Marketing a brand used to be a lot easier. A logo, a catchy slogan, and a useful product or service was all you needed to start generating leads and making sales. Today, with markets completely saturated with competitors duelling for market share, brands need more than just a pretty face – they need personality. Take a look at what a brand personality is, a few types of common brand personalities as well as helpful tips which can help you find a unique brand personality for your business:
What’s A Brand Personality?
You can look at someone walking towards you, and maybe guess at what their personality might be like. But you’ll only know what they’re like when you hear them start talking and you watch how they act. A brand’s personality is the business’s human component, and it is communicated through the marketing and advertising that business participates in. Garnering a solid brand personality effectively brings a brand to life, by giving it human characteristics that followers as well as fans can relate to on a personal level.
Types Of Brand Personalities
According to social psychologist, Jennifer Aaker, most brand personalities fit into five categories, each with their own personality traits and strengths:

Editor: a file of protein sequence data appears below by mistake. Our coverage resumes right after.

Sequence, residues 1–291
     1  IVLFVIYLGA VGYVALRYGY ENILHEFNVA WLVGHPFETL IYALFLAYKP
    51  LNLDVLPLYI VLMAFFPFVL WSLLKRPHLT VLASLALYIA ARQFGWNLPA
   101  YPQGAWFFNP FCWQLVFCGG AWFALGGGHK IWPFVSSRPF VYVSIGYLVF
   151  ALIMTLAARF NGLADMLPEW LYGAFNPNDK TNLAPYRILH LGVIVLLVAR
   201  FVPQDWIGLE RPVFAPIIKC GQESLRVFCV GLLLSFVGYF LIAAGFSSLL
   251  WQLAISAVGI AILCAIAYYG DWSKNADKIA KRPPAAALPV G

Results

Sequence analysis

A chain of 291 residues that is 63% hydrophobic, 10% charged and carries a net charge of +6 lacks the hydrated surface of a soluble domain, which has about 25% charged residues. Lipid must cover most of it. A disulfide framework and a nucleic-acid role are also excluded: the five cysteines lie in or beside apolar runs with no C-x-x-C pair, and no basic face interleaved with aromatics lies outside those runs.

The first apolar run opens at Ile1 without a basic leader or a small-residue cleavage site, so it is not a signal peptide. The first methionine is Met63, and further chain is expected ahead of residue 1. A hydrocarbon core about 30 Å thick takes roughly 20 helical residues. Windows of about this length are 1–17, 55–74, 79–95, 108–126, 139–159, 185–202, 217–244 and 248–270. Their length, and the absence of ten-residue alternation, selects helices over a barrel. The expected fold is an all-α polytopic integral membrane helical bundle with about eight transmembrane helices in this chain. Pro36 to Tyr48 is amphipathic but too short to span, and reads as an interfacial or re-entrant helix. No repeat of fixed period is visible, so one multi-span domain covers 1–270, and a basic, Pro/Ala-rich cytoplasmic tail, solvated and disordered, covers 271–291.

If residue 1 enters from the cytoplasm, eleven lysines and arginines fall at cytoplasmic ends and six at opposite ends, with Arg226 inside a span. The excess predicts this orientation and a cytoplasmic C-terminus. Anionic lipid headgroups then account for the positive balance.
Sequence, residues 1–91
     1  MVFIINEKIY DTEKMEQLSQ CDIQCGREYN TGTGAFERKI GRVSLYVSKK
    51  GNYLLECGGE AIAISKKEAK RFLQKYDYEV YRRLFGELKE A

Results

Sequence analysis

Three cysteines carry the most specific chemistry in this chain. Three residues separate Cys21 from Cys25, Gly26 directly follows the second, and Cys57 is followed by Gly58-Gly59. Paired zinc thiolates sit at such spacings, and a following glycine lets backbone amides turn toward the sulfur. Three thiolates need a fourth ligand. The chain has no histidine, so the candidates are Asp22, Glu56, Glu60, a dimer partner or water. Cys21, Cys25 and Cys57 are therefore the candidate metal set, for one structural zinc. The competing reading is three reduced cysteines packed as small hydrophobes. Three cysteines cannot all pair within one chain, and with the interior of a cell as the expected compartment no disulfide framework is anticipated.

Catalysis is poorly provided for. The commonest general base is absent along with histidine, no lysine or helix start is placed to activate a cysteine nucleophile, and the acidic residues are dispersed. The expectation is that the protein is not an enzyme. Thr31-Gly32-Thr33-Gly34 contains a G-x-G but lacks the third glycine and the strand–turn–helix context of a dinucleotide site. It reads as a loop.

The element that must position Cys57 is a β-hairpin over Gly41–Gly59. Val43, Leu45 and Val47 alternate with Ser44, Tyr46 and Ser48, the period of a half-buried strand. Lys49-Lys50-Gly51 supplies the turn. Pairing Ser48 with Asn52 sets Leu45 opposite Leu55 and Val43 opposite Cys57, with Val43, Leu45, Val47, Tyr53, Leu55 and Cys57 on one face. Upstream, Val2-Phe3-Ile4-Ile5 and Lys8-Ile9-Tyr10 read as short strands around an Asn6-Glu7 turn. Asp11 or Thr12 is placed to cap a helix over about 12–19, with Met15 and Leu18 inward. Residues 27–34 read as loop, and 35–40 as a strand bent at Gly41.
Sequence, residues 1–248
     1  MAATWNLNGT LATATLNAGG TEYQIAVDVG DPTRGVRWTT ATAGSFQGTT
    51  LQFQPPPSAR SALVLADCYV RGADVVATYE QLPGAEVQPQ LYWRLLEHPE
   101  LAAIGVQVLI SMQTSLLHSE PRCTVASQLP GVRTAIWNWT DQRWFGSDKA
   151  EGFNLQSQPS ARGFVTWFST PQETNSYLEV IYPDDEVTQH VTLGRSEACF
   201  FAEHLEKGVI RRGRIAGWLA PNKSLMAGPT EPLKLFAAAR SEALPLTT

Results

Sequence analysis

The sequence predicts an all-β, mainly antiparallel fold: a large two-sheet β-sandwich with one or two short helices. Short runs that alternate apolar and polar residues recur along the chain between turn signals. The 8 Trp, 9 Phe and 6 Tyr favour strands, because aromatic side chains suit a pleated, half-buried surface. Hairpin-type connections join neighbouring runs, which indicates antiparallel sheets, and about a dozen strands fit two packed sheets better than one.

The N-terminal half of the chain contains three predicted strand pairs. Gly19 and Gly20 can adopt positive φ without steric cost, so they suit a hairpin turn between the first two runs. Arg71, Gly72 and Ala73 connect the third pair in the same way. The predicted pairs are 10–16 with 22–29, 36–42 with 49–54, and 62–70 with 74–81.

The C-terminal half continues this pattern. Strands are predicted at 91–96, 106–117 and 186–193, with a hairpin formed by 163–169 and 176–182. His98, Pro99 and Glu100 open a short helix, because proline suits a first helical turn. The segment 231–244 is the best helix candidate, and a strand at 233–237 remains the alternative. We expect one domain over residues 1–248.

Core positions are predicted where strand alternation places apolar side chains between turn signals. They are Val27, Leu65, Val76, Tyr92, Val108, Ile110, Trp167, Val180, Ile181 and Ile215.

Brands that develop a sophisticated personality are refined, charming, high-class brands. They talk as well as act in a way which makes their followers feel elegant and classy. Think of brands like Mercedes-Benz, Armani, Tiffany’s, etc.
This brand personality drives home their reliability and intelligence, leaving followers with peace of mind that the brand is capable of handling the issues faced by their audiences. Think of brands like Volkswagen, Tiger Wheel & Tyre, Protex, etc.
These brands cater to those not afraid of getting dirt under their nails. Customers feel empowered and more connected to nature and the outdoors. Think of brands like Harley Davidson, Jeep, First Ascent, etc.
Brands embodying an exciting brand personality will push the boundaries, in a playful way, to show their daring, trendy nature – while building hype among their followers. Think of brands like Virgin Active, Nando’s, etc.
Brands of this nature find it easy to garner trust among followers. They are seen as genuine, wholesome, and honest. These brands keep their promises and meet the expectations of their customers. Think Cadbury, Hallmark, etc.
Finding Your Brand’s Voice
Do Your Research
You want your brand personality to stand out, so start by assessing your competitors and looking at what their personalities are. Next, write down a list of single adjectives that describe your brand. Try and come up with no less than 10.
Draw Your Character
Next, you want to develop a persona for your brand. Use the adjectives from step one, and your imagination, to sketch what your brand would look like if they were a real person (you might need some help from a graphic designer).
Keep It Consistent
The above activities will serve to concretely establish a personality for your brand, but that’s half of the work. Followers don’t want to see brands that flip-flop from humour one day, to seriousness the next, to sincerity the next. Keep your brand personality consistent.
Connecting with target markets in today’s hyper-competitive business environment takes a human-centric approach.
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